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Citizenship considerations for international adoptions

For many families in Charlotte and throughout the rest of the U.S., the dream of having children is often accomplished through adoption. While there certainly are a number of locally-born children in the foster care system, some parents choose to look internationally to adopt. Records compiled by the U.S Department of Statistics and shared by CNN show that 8,668 international adoptions occurred in the United States as recently as 2012. In these cases, family law matters often don’t end with the adoption itself.

Consideration needs to be given to the citizenship of foreign children adopted into American families. The Child Citizenship Act of 2000 officially changed the standards regarding the granting of citizenship following an international adoption. Prior to that, adoptive parents were required to formally apply for citizenship for all foreign-born children. According to the Bureau of Consular Affairs, the Act allows for the automatic granting of citizenship provided that an adoptive family meets the following criteria:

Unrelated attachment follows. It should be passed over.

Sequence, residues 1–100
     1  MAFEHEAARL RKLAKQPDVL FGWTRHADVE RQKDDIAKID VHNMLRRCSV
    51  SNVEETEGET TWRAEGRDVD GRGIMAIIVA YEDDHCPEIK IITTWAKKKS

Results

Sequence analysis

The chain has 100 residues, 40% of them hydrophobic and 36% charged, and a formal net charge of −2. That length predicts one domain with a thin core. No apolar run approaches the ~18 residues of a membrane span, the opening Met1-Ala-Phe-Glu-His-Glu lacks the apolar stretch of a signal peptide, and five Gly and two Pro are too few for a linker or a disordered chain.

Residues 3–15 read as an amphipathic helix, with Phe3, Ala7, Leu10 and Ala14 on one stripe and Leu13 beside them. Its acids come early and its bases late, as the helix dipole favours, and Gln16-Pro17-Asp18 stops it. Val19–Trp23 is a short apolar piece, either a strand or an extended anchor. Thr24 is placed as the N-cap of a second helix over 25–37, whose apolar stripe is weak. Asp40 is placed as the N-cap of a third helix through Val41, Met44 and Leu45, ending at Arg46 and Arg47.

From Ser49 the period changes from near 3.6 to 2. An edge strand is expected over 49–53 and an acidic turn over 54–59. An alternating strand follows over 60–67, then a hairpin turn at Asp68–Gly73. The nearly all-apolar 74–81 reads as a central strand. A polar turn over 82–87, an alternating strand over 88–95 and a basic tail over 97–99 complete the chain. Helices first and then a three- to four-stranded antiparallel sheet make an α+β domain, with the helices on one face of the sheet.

• The child is under the age of 18
  • The child was lawfully admitted to the U.S.
  • At least one of the parent’s is a born or naturalized U.S. citizen
  • That parent has full physical custody of the child
  • All adoption proceedings have been finalized

Those children who may not meet the above criteria but were admitted to the country through an IH-4 or IR-4 visa are also granted automatic citizenship. For parents whose situations do not meet these requirements, or for those adopted who are over the age of 18, they must follow standard naturalization processes.

Should the children of international adoptions fail to obtain citizenship, they could have difficulties when applying for higher education or employment opportunities, and could even face deportation if they encounter trouble with the law.